Liberal Democracy in QuestionSex & Gender

Donald Trump and Rape Culture

“This was locker room talk.” So began Donald Trump’s response, in the Second Presidential Debate, to being questioned about his sexual assault boasts in the now infamous Access Hollywood tape. Trump immediately moved to talking about what he called “more important things”: the danger of ISIS, and what he would do in response. “I will knock the hell out of ISIS,” Trump threatened, “I will take care of ISIS.” He closed his answer with predictable hyperbole: “Nobody has more respect for women than I do.”

It’s tempting to think that Trump was just trying to distract from the issue of his recorded bragging about sexual assault. Yet in connecting these three assertions, Trump demonstrated that he is of, by and for rape culture. Rape culture, to paraphrase Susan Brownmiller’s classic formulation, consciously creates a society in which “all men keep all women in a state of fear.”[1] Rape culture gives men license to say and do whatever they want with impunity, and creates a justice system that protects them if someone has the temerity to challenge their absolute freedom. Importantly, rape culture expects of men participation in the jokes, the threats, and the actions of “toughness” to “prove” that they are men. Finally, rape culture creates an Orwellian illusion of “love” and “respect” to protect its rapists.

We saw rape culture in sharp relief when former Stanford student Brock Turner was convicted of rape only because two men broke the culture’s code of silence — and when Turner was given a light sentence by a judge worried about “his future.” We saw rape culture when Donald Trump proclaimed that he would “pay the legal fees” for anyone who took the law into their own hands in attacking protestors at his rallies. And we saw rape culture broadcast to millions in Donald Trump’s answer to the charge of sexual assault.

First, “This was locker room talk.” An essential component of rape culture is an environment some men create — and too many other men tolerate – that casually discusses what are in fact crimes against women. While some men, like former NFL player Chris Kluwe, rightly reject Trump’s claim that all locker rooms are full of assault talk, men in rape culture know exactly what Trump means. In male-only spaces, some men inevitably feel the need to boast about what they did, or want to do, to women. These men — and their enablers — seek to normalize sexual assault, thereby seeking to hide it in plain sight.

Yet as women (and many men) are all too aware, locker room talk is not confined to the locker room, and it is most certainly not hidden. This assault talk creates a culture of fear, where women’s lives are at risk (not to mention their agency and their dignity) and men must make the decision whether to speak out and face sanction, or be enabling bystanders.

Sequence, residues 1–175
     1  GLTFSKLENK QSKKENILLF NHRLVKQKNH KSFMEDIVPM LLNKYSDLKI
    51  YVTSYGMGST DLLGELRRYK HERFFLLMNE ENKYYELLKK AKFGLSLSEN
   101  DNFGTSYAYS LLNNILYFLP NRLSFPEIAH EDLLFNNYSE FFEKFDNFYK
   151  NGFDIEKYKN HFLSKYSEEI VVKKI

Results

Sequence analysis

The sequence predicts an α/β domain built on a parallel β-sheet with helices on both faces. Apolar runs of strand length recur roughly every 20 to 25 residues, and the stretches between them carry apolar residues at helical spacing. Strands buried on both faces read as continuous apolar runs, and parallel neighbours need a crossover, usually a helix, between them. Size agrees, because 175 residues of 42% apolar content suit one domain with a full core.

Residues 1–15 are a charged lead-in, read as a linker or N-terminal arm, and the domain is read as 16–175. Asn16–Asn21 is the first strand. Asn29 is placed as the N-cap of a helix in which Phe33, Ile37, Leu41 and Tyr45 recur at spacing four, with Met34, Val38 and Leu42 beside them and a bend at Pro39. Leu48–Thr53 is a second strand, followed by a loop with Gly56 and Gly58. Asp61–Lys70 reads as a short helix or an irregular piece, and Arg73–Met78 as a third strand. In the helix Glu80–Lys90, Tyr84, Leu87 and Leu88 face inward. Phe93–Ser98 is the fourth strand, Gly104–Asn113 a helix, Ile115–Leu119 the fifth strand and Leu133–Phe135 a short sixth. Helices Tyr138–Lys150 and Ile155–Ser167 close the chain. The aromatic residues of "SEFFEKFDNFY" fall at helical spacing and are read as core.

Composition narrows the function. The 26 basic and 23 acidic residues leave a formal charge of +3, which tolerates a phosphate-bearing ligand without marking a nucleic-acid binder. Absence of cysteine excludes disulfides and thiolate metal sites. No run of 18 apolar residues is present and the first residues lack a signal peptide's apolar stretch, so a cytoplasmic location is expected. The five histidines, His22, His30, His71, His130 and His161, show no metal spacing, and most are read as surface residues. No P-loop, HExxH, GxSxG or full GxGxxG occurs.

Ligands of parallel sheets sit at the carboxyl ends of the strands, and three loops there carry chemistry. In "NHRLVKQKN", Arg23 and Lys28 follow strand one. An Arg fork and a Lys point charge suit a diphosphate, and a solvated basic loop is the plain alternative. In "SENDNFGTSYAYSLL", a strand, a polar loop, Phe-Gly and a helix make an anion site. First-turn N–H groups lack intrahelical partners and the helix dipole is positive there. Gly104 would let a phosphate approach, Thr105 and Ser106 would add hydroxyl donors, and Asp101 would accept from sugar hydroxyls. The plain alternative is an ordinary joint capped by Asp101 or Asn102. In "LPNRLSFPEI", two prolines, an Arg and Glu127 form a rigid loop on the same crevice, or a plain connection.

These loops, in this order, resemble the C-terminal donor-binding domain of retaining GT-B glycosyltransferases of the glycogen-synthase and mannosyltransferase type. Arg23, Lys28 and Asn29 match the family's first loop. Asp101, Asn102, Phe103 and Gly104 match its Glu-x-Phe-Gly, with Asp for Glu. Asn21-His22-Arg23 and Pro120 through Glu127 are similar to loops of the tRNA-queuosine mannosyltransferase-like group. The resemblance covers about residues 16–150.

Second, “I will knock the hell out of ISIS.” This comment has been described as a “pivot” or a “distraction” or a “ramble.” It wasn’t. It was an essential part of his answer to the charge that he condones (and commits?) assault. Men within rape culture must constantly prove that they are tough. Seeking constant acceptance from the culture, these men seek to prove their physical power by destroying others. Robin Morgan made this point powerfully in The Demon Lover. And this “pivot” from normalizing male violence to legitimizing male aggression was seen throughout the Republican primaries. Candidates from Marco Rubio to Chris Christie to Donald Trump were practically foaming at the mouth as they competed to be the “toughest.” Trump’s nicknames for his opponents: “weak Jeb Bush” and “little Marco Rubio” are essential components of Trump’s rape culture framework.

Third, “Nobody has more respect for women than I do.” It’s clear that for Trump, as long as women are docile and stand loyally by his side, he has great respect for them. As long as women do absolutely nothing to challenge the rape culture framework, Trump promotes the lie that he respects them. And this lie is profoundly Orwellian, where down is up and up is down — an essential framework of rape culture. As we know from extensive social science research, women are much more likely to be assaulted by a male “friend” or family member than a stranger. Men like Donald Trump proffer this statement of respect as a way to gaslight women around them, and to create a climate of fear, intimidation and normalization of the most heinous acts of sexual violence.

I have no way of knowing whether Donald Trump is a rapist or has committed any acts of sexual assault. What I do know is that Donald Trump is peddling rape culture.

Footnotes

[1] Susan Brownmiller. 1975. Against Our Will: Men, Women and Rape. New York: Ballantine Books.

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Matthew Filner

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